Occasionally a Juniper SRX device running Junos will have a high CPU. Here are some tips for troubleshooting these incidents.
Check the routing engine (control plane). Check the CPU status by doing
show chassis routing-engine.
Above you can see that the CPUs are 4% idle which means it’s 96% utilized. I would say anything over 90% is considered bad. Once the CPU gets gets to 100% utilization it will start dropping packets and possibly overheating.
Next you want to look further and see what processes are running high. Do this with the command
show system processes extensive.
Usually even under good conditions, there will be processes that are running at well over 100% utilization. The Junos does a terrible job at adding in this case, something to do with multi core processors confusing the output. You can do
start shell then
top -H to see the actual utilization per core.
Analyze the processes
Now that you know what processes are running high, we can look into why it’s causing it.
If you see the process
httpd as one of the first three processes with the highest CPU, chances are the web UI is having issues and needs to be restarted. Restarting this process only impacts any user that are currently in the web UI of this SRX.
To restart the httpd process run the following command:
This will immediately restart the process without confirmation. After doing so, look at
show chassis routing-engine over and over to see if the percent idle has gone up over 30%. If so, that has fixed your problem.
I very frequently see this process get stuck at a high percent. I’m not sure what causes it, but the fix is quick and easy so that’s nice.
If the process
eventd is running high (over 20%) then this is probably something worth looking into. This process handles the events on the Juniper device itself which includes:
- Storing internal syslog messages
- Sending syslog messages to another system
- Sending/responding to SNMP traps/polls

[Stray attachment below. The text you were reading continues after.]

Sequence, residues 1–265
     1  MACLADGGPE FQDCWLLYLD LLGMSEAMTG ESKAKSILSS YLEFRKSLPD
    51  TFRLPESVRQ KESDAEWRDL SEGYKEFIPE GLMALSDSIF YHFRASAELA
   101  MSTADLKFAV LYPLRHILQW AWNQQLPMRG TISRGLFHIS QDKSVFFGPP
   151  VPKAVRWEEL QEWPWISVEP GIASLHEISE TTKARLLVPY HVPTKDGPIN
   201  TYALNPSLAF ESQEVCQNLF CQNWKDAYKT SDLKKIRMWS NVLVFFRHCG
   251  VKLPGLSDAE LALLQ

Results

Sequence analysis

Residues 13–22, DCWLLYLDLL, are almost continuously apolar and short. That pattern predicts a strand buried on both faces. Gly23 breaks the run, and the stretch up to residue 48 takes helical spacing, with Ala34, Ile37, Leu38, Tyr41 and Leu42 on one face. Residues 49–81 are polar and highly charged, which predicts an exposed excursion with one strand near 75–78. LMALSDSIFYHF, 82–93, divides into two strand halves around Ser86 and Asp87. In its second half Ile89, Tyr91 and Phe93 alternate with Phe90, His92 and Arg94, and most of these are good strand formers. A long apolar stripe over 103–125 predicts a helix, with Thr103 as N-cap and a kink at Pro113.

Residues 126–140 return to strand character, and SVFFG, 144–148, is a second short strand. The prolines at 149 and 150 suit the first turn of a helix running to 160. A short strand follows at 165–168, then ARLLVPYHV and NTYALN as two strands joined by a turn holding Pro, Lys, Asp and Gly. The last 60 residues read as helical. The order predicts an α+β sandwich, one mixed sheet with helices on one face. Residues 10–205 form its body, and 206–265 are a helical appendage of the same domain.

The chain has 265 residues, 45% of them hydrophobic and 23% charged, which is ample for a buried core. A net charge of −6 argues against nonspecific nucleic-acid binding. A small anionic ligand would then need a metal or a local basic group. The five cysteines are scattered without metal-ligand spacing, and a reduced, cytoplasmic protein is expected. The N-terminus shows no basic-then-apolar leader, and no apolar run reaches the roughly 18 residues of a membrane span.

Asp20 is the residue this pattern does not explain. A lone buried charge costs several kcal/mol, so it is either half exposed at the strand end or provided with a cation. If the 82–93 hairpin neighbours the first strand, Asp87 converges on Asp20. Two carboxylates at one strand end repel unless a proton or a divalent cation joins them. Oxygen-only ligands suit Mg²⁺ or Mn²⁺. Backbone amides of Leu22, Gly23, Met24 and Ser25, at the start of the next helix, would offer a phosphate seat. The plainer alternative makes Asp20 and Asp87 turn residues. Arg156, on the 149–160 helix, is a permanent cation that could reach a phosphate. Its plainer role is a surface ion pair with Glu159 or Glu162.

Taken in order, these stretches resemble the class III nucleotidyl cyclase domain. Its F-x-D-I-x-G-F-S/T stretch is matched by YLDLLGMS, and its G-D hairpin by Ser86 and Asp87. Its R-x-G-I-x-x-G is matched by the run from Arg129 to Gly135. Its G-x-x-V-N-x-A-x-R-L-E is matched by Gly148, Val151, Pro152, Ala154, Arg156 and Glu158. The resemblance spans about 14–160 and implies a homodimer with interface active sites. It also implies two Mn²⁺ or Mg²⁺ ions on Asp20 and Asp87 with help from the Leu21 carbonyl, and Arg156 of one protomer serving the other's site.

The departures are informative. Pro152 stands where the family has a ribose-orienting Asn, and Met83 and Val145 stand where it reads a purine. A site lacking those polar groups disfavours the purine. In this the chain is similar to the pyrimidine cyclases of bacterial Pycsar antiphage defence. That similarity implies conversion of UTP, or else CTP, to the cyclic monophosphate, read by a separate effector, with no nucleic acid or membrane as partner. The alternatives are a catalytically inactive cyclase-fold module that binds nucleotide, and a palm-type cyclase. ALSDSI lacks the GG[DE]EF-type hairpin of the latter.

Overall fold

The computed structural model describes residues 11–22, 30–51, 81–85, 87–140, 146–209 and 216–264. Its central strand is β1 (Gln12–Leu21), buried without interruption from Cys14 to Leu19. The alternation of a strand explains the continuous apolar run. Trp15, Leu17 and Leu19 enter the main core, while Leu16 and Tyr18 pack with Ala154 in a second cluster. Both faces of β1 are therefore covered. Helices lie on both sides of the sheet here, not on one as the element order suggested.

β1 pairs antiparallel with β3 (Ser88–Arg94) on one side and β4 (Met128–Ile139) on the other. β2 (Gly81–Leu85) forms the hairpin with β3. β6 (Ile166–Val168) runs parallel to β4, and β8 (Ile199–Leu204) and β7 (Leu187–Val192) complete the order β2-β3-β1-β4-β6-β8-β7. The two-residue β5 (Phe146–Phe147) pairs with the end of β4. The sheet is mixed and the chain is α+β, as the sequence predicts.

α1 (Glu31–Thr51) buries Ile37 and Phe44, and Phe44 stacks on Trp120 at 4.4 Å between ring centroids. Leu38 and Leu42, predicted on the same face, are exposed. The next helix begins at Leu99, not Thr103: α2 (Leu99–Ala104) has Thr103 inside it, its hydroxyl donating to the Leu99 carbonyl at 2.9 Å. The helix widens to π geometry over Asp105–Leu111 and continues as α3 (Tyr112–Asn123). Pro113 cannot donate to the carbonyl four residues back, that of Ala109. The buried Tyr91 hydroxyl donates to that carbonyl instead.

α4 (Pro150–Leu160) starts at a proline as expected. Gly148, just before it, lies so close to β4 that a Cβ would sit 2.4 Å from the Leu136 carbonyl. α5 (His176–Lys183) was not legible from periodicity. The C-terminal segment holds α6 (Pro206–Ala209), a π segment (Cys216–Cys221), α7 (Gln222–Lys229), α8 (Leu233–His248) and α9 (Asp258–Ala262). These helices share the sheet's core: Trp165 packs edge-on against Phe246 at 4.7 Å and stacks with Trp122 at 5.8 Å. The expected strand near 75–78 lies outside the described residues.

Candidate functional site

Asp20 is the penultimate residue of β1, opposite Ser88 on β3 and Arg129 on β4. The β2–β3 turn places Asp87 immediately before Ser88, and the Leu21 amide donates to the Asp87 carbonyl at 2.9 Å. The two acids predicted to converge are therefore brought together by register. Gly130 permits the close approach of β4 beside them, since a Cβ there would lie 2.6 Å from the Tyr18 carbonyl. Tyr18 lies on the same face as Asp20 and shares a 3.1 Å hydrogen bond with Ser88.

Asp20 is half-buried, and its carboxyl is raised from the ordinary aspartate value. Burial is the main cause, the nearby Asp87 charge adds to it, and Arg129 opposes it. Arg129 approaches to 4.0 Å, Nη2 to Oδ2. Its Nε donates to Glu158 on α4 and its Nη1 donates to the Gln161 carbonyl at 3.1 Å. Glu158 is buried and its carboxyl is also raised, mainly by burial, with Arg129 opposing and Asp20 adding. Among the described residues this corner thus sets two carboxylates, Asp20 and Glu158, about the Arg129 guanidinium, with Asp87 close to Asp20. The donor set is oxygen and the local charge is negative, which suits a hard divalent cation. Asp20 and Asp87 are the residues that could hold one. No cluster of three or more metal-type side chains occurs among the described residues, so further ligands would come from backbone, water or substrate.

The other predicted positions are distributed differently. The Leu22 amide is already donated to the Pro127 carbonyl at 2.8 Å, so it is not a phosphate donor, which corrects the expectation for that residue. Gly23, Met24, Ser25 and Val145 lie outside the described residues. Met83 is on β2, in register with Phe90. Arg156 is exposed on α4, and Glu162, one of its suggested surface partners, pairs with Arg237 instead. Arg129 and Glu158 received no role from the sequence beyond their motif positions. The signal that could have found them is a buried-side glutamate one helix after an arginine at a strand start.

- Sampling handling
- Traceoptions handling
If this is running high check if any of the above are turned on a little too high. Perhaps too many traceoptions are on, or too much sampling is turned on. Try turning these off and see if the CPU goes back to normal.
There are two modes for syslogs, event and stream. Perhaps changing it to stream will reduce the CPU utilization.
flowd_octeon seems to always run over 200%. This is normal. Usually this isn’t the problem and try looking at the next highest CPU hog as the culprit.
This processes is responsible for packet handling, data processing, or flow processing. The flow processing is all done on the data plane.
Check the packet forwarding engine (data plane)
The following two commands shows us what’s happening on the data plane.
If the CPU utilization here is low, then you don’t have a problem with the data plane.
The data plane (aka forwarding plane) is where the SRX decides what to do with the packet. This is where the SRX looks at the forwarding table and routing table to determine where to send the packet. If your CPU here is high, then it’s possible you are reaching the capacity of this device. Start looking at things like how many packets and bytes each interface is receiving and comparing it with the model specifications.
To examine the throughput of each interface use the following command:
show interfaces detail | match "link is Up| bps| pps" | except "0 bps|0 pps"
To examine the number of sessions use the following command:
show security flow statistics
Check the model for limitations here: